In this volatile economy, foreclosure rates are sky rocketing. For a home owner, their last chance at avoiding a foreclosure is a short sale. For the buyer, that can be tough situation to move into. The decision to put an offer on a home that is being sold as a short sale can be confusing. Researching a short sale before making an offer is a wise decision.
A short sale simply means that the home will be sold at a price that is short the amount of the current mortgage note. Typically this occurs when the home owner falls behind in their payments and they are trying to sell the house before a foreclosure takes place.
How Does a Short Sale Work?
Typically the owner is selling their home with a real estate agent at a price lower than the cost of the current mortgage. When an offer is entered in for the purchase of the home, it must be presented to the bank for approval. The bank will then decide if the price is acceptable or if they will counter at a high rate.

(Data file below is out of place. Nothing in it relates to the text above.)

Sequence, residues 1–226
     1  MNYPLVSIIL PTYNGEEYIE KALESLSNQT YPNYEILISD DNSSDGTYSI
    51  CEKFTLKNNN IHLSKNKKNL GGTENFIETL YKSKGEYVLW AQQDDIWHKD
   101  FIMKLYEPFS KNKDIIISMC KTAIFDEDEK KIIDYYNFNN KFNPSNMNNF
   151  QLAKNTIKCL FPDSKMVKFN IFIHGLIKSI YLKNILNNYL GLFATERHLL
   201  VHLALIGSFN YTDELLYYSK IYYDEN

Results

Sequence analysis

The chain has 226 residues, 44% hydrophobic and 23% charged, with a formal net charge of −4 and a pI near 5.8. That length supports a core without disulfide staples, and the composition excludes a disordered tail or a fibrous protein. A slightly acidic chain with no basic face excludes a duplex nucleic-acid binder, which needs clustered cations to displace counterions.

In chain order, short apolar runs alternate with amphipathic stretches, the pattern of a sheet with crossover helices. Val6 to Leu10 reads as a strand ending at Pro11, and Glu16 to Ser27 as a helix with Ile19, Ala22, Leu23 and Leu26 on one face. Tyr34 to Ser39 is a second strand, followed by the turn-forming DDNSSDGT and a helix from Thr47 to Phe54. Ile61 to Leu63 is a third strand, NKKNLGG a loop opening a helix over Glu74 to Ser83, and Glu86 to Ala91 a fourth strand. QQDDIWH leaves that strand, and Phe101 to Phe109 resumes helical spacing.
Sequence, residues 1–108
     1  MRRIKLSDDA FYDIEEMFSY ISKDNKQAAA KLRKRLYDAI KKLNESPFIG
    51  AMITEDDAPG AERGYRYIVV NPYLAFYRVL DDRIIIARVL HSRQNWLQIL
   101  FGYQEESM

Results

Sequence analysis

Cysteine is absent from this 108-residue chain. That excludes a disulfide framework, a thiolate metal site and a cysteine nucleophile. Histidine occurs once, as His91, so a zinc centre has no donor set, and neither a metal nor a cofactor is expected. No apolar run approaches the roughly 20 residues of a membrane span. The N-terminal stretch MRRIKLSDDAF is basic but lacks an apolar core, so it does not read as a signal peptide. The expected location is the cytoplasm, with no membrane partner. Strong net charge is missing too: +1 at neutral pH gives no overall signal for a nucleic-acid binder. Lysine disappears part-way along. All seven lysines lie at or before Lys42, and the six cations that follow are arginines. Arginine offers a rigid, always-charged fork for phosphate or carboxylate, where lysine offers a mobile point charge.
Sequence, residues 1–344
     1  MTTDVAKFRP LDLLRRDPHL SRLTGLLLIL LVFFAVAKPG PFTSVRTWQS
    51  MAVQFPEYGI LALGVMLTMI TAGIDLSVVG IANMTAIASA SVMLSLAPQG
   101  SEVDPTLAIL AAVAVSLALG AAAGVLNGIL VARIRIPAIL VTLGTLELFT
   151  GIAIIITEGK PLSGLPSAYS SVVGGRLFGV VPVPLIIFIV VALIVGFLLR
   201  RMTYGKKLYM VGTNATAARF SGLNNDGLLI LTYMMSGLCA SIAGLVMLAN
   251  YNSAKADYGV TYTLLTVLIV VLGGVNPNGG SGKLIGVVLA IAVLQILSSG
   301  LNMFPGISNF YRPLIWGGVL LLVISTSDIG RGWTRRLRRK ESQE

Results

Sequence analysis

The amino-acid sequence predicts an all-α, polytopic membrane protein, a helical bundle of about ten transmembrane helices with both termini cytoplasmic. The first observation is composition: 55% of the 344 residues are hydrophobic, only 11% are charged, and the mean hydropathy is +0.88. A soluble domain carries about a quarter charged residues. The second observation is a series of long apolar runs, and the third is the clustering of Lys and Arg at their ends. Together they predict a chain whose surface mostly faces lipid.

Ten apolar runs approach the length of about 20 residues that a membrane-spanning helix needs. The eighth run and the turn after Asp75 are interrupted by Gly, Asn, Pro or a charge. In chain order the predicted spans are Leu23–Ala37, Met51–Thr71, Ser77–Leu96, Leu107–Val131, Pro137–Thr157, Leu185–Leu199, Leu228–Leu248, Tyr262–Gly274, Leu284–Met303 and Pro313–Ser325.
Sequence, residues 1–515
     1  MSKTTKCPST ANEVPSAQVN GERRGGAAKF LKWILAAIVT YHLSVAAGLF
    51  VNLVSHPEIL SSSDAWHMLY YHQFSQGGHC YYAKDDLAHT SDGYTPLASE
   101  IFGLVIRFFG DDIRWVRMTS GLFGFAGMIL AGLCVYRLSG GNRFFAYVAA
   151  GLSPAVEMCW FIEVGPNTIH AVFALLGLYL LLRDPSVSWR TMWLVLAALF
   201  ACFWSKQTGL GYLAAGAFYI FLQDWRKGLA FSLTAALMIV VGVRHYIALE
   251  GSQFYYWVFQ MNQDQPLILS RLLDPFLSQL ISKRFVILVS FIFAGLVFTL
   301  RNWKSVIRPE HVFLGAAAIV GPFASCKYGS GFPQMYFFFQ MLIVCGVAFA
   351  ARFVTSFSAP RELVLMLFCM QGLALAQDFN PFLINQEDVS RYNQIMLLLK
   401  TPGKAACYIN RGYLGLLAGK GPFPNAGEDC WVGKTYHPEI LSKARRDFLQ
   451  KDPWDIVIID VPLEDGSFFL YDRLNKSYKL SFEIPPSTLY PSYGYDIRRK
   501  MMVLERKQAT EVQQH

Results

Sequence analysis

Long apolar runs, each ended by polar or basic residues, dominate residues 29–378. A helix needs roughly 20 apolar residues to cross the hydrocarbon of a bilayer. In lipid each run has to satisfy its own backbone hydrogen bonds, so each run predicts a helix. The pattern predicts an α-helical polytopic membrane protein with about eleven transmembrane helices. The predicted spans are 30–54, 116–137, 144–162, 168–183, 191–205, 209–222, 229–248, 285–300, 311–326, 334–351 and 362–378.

The bank will be losing money by not getting the full price of the loan but in the current market, a short sale is preferred over a foreclosure where the home sits empty for months.
What can you expect?
If you are interested in purchasing a home through a short sale and choose to make an offer on that home, be expected to wait on the process to proceed. An approval from the bank can take 1-3 months, sometimes longer. That is not an easy time to sit in limbo when you are hoping to buy a home. Proceed with caution and with the assistance of a real estate agent when you are considering a short sale home.
As the owner, expect to produce a number of documents as to why the a short sale is to everyone’s benefit. Your lending institution will request copies of bank statements, a list of assets and liabilities, a letter about your situation and why you can no longer afford to pay for your home and more.
Depending on the state you live in, as the home owner, a short sale could increase your tax liability. Since the enactment of the Mortgage Debt Relief Act of 2007, the debt that is canceled my your lender can become taxable income. That is to say that if your loan is for $200,000 and the sale of your home goes through at $150,000, your taxable income could increase by the $50,000 difference due to your short sale. (For more information on the Mortgage Debt Relief Act of 2007 visit the IRS website.)
A short sale can be a relief to the homeowner that is hoping to avoid a foreclosure and move forward during what is most likely a difficult time. And for the buyer who is willing to wait out the process, it can mean an opportunity to get a great home at a reduced price.